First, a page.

How To Become A Diesel Mechanic

How To Become A Diesel Mechanic

Career Video: Diesel Mechanic

Do you love cars and trucks? Have you enjoyed vehicles as a hobby since you were a young kid? Are you good with your hands? Do you know the mechanics of how vehicles work? Are you able to diagnose a problem within a vehicle, repair any problems, and do routine maintenance? You may enjoy a career as a diesel mechanic.

Why Become A Diesel Mechanic

Diesel engines are an important part of our economy. In commercial and industrial trades, diesel-powered engines are counted on to get the job done. We often see big semi-trucks hauling freight down our highways; or we see construction equipment, building new structures in our towns, fixing our city streets, and other jobs that need to be done. All of these vehicles run on diesel power, and need to be checked by a diesel mechanic when there is a problem or for regular inspections. Diesel engines are important to keep the economy running.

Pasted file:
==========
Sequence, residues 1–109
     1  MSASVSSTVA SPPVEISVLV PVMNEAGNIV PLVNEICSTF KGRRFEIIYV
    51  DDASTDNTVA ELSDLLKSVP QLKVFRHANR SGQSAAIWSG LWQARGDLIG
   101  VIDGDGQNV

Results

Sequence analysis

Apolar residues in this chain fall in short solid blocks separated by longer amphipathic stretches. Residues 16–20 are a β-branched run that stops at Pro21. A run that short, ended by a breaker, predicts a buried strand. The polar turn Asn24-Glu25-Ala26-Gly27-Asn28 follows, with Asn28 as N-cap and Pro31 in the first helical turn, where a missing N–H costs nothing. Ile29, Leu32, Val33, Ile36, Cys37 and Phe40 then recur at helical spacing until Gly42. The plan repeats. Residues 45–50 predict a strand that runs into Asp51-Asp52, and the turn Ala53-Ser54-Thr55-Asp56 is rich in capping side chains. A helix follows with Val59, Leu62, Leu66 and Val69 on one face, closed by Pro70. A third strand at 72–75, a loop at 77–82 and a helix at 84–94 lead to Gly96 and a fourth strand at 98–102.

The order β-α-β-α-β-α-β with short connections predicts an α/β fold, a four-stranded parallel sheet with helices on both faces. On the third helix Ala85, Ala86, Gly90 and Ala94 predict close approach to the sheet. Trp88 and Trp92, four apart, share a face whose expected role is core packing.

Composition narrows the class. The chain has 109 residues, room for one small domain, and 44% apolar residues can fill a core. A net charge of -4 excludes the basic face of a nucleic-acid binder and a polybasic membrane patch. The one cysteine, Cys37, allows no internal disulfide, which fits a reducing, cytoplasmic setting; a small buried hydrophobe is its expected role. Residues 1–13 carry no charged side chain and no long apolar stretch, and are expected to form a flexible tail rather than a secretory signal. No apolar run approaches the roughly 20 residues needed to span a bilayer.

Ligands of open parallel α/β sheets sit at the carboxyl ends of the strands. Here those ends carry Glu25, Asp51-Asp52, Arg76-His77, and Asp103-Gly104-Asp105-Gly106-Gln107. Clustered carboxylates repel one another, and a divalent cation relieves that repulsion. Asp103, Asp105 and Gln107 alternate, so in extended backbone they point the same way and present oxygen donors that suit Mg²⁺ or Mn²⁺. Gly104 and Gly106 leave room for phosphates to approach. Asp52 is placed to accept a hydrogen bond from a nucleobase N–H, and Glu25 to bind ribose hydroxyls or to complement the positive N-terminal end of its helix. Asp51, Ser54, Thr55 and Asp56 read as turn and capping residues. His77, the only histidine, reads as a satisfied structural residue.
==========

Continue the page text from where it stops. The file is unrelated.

A diesel mechanic must be knowledgeable about the inner workings of any diesel engine. They must be able to recognize the symptoms of different problems that vehicles can have, and make a diagnosis. They must be able to make repairs and maintain vehicles. They need to have good interpersonal skills and be able to explain what is wrong with the vehicle to other people.

Occasionally mechanics may work on other diesel-powered equipment, such as buses, generators, and heavy machinery.

Diesel Mechanics must possess the following qualities and skills:

Diesel Mechanic Work Environment

Diesel mechanics will often be working indoors. Sometimes mechanics will work at a repair shop, and clients will bring their diesel-powered vehicles in to have them inspected. Other times a mechanic may travel to a location to work on a vehicle.

There are many challenges in this work environment. There are a variety of tools, which a diesel mechanic must know how to use. Repair shops can be noisy. Mechanics move under, inside, and around the vehicles and machinery. This can be a hot, dirty, and exhausting task to perform. There can be a risk of injury. Diesel mechanics will be working in a challenging environment, and are expected to be able to handle all of the tasks at hand.